What the program doesn’t tell you is that McDougal doesn’t march to LBJ’s agenda. Or anyone else’s for that matter. Her agenda includes protecting Gary Zheng and his plan for 2019.
It doesn’t matter whether you like Marc McDougal or not, the proof is in the doing and right now he is leading the way against the tainted bid process and suspect recommendation.
The last time we had an unlikeable rich guy running the EUB he pulled it back from the brink of bankruptcy.
The only opinion that matters is Medina’s
Don’t be fooled by pious protestations of conflicts from the dais.
If Latrelle Bright Joy (or any other member makes a speech) about McDougal’s conflicts rather than waiting for the city attorney to rule remember that Medina’s word to clear her was good enough for her when she was taking what Glen Robertson called “subtle bribes.”
It was Medina’s ruling that triggered the vote on Dwight McDonald. The legal reality is this: the only opinion that matters is Medina’s.
Kring and McDonald also up for reappointment
Gail Kring is also up for reappointment. As EUB Chair Kring works closely with General Counsel Todd Kimbrough.
Mayor Robertson speculated publicly that Kring and General Counsel Todd Kimbrough charged the investigator from Andrews Kurth with conducting what Robertson called “an $80,000 whitewash.”
Kring voted for the $60,000 raise for Kimbrough. He has consistently demonstrated lackluster leadership. A vote for Kring’s reappointment is a vote to continue the status quo at LP&L.
Likewise Carroll McDonald. He too voted for Kimbrough’s raise and he did not support McDougal and Isom in the vote to terminate Zheng.
Two new appointments – watch LBJ
Watch who is newly appointed and who drives that process.
More Latrelle Bright Joy cronies (LBJ looks to former Mayor David Langston for her marching orders), will not be good for the EUB or the citizens of Lubbock.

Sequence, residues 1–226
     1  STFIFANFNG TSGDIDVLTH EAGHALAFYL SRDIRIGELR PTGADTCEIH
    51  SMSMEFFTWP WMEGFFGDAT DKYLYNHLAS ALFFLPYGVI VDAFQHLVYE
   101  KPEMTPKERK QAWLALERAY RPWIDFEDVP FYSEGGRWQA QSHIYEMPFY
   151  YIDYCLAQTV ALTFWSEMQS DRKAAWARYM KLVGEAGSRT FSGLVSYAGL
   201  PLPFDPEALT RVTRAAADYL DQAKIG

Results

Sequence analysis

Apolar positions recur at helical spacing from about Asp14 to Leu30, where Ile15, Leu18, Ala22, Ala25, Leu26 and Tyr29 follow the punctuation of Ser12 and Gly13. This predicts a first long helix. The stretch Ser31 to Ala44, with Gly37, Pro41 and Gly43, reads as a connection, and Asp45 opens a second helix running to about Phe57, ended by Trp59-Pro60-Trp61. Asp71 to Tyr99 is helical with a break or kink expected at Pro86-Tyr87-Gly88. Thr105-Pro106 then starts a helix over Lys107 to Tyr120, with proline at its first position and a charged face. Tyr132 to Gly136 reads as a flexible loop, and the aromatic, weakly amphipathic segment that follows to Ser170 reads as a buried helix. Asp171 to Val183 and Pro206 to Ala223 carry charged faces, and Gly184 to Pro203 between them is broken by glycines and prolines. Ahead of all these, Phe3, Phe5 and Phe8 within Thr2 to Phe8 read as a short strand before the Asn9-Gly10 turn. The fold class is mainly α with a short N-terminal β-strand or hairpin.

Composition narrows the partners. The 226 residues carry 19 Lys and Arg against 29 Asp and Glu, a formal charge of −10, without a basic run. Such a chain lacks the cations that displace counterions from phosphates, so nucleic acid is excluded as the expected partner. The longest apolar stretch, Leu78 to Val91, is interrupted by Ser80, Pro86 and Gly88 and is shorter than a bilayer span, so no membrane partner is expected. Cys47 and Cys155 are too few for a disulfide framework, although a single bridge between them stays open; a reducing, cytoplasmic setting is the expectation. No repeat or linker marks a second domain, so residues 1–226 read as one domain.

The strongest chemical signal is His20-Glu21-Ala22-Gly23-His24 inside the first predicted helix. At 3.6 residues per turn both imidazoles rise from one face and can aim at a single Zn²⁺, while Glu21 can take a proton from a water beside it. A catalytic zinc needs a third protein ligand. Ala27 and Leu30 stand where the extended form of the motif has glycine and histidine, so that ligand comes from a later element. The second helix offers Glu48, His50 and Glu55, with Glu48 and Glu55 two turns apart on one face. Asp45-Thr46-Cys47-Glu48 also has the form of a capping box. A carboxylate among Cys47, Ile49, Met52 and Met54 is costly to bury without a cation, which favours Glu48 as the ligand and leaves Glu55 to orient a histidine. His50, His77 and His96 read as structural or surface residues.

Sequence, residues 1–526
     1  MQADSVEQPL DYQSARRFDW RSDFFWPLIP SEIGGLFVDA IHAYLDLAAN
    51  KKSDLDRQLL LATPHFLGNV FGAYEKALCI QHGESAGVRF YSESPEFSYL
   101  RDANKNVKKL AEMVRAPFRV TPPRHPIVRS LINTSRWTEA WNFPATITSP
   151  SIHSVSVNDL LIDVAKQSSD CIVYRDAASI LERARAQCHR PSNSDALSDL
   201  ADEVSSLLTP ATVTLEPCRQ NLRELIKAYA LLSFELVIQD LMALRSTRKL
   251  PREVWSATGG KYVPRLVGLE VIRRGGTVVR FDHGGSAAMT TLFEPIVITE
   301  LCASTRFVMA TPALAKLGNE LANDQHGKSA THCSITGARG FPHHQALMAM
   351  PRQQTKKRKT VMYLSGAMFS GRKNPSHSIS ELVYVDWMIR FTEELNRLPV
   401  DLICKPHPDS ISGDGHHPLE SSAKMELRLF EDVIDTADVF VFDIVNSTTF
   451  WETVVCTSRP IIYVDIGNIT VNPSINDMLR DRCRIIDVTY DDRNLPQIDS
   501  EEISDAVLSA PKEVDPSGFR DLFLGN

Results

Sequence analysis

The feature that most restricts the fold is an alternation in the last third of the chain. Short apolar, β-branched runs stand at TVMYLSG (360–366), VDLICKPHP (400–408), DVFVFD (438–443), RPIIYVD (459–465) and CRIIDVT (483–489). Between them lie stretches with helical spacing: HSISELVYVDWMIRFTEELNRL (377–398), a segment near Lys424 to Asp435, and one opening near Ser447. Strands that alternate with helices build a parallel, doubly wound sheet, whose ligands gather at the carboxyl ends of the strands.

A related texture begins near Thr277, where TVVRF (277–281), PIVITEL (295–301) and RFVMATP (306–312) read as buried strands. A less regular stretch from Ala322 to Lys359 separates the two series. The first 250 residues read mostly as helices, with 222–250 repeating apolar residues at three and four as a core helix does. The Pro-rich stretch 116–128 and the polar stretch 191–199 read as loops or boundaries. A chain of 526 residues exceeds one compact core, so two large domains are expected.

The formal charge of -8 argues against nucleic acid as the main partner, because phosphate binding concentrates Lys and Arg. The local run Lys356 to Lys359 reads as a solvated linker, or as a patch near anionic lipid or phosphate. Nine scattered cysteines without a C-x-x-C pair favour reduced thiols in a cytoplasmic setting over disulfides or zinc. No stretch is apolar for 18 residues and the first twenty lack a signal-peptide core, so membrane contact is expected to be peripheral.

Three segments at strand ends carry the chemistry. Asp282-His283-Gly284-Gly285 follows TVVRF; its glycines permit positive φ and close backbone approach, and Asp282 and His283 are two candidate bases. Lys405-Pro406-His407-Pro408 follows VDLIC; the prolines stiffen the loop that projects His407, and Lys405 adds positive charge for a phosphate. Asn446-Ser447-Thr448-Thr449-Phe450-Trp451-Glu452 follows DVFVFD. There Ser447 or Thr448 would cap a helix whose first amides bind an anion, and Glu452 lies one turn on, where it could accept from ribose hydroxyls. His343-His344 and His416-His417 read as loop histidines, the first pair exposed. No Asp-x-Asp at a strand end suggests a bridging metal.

Gerlt can be a pivotal player
The key players in this drama will be Floyd Price and Jim Gerlt. Price has often been a swing vote. He is often independent.
More interesting at this juncture is Councilman Jim Gerlt. He has shown encouraging signs in recent television interviews.
We each have different issues that push our outrage button. Gerlt appears outraged at several things happening right now.
Watch Councilman Gerlt. He may well be the deciding vote on several of these appointments or reappointments. If he shows a little righteous indignation here the citizens of Lubbock will benefit.
Counsel hired to find conflicts, then conflicts out
According to Lubbock Power and Light spokesman Matthew Rose, LP&L General Counsel Todd Kimbrough was contacted by Andrews Kurth LLP, the law firm hired to investigate RFP irregularities. Andrews Kurth was informed by City Attorney Sam Medina that the city of Lubbock considers their work to be a conflict.
Andrews Kurth is bond counsel to the city of Lubbock. Bond counsel is lucrative business that makes law firms far more than the $75,0000 to $100,0000 earned in the “investigation” of the LP&L RFP process.
City Attorney Sam Medina would not comment because he had not yet spoken his client, the Lubbock City Council.
Rose said that he was told whoever comes in behind Andrews Kurth will be able to use the work already done and write a report.